An iguana and kitten get kleptothermic.
Happy (almost) New Year! We’re closing out 2014 with our latest favorite buzzworthy words. This week: appropriating culture; the darkness of anonymity; and one way to get toasty this winter.
“Columbusing is a word that can be used to describe the reappropriation or perhaps misappropriation of African-American culture — for instance, various slang terms that get appropriated by a white mainstream audience.”
“Die-In, Vortex, Selfie Stick: What’s The Word Of 2014?” NPR, December 28, 2014
“You guys, I discovered an incredible new dish: it’s called ramen!”
Such is an example of Columbusing, the “discovery” of “something that’s existed forever,” says NPR, the way that Christopher Columbus “discovered” America although it existed long before he set foot on its shores.
While the term mainly applies to the “discovery” of something outside one’s own culture, nationality, race, or neighborhood, we’d argue Columbusing could be applied to the “discovery” of anything not new (eg, “Have you guys heard of this show called The Walking Dead?”).
“Mars is our brother planet and Venus is our sister planet, but what the heck is a cousin planet? Hint: we don’t have one, because our Sun is an only child.”
Becky Ferreira, “Astronomers Found Jupiter-Sized ‘Cousin’ Planets for the First Time,” Motherboard, October 1, 2014
Cousin planets are, according to WIRED, “a pair of planets each orbiting a different twin star.” For example, WASP-94A and WASP94B are twin stars, or a binary-star system, around which two Jupiter-sized extrasolar cousin planets orbit.
The Earth doesn’t have a a true cousin planet (an Earth “cousin” that was discovered earlier this year is referred to as such because of its similarity to Earth) since the Sun is an “only child,” as Motherboard says, and doesn’t have a twin.
“Advocates of undisclosed ‘dark money’ spending, concerned that they are losing ground, are falsely representing themselves as the voice of mainstream business, hoping to sway companies away from their better instincts.”
Bruce F. Freed and Charles E.M. Kolb, “U.S. companies shine sunlight on ‘dark money,’” The Washington Post, December 29, 2014
According to The Washington Post, dark money refers to “anonymous political donations from individuals or companies.”
Such a practice can be harmful in a number of ways. It could damage a company’s reputation “if a political payment is exposed as conflicting with its stated values or business objectives”; if donations are secret, “a politician can quietly shake down a company”; and when a company “‘outsources’ its politics through payments to a third-party advocacy organization, it can lose control over the funding.”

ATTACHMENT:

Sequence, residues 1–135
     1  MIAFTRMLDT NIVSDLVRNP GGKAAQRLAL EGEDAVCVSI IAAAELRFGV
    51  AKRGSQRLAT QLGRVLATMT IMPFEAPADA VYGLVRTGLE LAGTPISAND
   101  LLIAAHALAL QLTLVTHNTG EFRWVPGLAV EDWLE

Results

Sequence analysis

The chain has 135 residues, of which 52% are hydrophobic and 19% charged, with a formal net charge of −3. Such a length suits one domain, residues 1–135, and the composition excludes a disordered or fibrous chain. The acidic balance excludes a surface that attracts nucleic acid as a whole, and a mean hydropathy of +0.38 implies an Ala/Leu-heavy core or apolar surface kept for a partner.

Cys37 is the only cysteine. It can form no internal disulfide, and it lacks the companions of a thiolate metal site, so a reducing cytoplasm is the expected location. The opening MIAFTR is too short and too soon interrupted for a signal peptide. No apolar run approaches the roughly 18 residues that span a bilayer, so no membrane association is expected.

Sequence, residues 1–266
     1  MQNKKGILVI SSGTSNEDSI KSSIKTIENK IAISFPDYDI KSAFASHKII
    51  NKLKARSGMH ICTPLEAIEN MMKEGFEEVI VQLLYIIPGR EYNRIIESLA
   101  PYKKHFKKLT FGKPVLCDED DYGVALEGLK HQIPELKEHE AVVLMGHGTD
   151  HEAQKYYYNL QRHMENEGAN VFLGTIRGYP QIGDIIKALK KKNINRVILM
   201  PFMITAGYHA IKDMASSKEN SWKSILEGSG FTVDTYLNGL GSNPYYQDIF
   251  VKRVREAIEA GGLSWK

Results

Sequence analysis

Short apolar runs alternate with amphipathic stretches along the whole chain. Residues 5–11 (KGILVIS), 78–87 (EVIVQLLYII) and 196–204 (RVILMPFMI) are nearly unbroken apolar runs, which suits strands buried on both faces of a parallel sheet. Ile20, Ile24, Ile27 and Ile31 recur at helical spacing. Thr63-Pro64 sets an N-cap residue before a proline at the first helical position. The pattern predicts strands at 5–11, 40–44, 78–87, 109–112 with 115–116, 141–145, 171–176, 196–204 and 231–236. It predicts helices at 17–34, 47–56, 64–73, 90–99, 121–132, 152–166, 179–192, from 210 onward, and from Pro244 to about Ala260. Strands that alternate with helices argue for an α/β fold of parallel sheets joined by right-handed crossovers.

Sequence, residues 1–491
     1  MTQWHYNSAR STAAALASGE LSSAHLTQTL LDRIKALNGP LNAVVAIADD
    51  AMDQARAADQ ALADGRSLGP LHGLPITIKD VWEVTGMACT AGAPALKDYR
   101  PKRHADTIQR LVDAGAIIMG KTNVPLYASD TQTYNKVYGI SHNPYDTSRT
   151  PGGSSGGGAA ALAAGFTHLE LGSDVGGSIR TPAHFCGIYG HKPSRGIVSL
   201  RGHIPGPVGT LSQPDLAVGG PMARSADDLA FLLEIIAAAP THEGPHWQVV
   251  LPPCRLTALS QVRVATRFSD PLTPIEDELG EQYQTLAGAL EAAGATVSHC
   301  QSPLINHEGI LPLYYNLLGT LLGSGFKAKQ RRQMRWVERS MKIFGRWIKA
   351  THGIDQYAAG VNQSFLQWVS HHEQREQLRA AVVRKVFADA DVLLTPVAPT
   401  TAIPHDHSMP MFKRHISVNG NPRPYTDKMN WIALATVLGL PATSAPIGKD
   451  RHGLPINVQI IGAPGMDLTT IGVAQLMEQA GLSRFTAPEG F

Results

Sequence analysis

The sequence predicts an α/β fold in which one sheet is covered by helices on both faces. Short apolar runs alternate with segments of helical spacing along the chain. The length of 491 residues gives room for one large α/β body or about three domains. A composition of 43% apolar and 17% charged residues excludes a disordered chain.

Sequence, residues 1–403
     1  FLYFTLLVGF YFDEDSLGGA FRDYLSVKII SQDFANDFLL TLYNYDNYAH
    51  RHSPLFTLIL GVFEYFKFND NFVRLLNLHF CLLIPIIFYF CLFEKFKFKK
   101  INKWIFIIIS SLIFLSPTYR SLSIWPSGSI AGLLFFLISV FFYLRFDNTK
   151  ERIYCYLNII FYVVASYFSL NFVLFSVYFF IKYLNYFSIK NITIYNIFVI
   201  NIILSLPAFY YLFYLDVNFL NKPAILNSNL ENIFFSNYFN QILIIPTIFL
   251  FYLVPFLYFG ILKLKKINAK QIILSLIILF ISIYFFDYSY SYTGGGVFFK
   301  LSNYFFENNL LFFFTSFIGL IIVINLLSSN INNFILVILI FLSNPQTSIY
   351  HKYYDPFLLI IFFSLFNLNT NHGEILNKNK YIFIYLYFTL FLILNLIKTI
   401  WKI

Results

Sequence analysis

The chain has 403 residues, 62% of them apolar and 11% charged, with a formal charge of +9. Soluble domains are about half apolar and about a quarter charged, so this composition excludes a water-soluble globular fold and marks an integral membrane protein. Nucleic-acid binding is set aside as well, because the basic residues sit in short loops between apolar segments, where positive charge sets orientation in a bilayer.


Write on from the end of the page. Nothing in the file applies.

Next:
“It’s referred to as the ‘Wild West’ of the Internet: Underground websites—often called the ‘dark web’—that sell illegal drugs, guns and stolen credit cards.”
Josh Lipton, “’Dark Web’ Market for Illegal Guns and Drugs Grows,” NBC News, December 18, 2014
The dark web, according to BBC, refers to “anonymous, virtually untraceable global networks used by political activists and criminals alike.” It seems to part of the Deep Web, a general term for “the portion of World Wide Web content that is not indexed by standard search engines.”
While some deem much of the content of the Deep Web to be “innocuous,” a recent study found that over 80 percent of visits to the dark web relate to pedophilia.
Dark web and Deep Web seem to differ from yet another term, Dark Internet, which “refers to any or all network hosts on the Internet that no-one can reach.”
“There’s a specific term for this warmth-sucking behavior – kleptothermy.”
Brian Switek, “Science Word of the Day: Kleptothermy,” National Geographic, December 29, 2014
Sure, that iguana and kitty snuggling together is darned cute, but the ectothermic iguana might have an ulterior motive: stealing the kitty’s heat.
Kleptothermy is when an animal cuddles up to another animal to take its warmth. For instance, says National Geographic, a cold-blooded snake may curl up in a seabird burrow, and as a result raise its temperature from a chilly 89 degrees to a toasty 99.
The word kleptothermy comes from the Greek word kleptein, “to steal,” and the Greek thermos, “hot, warm.”
(H/t Matt Baldwin.)
[Photo via National Geographic]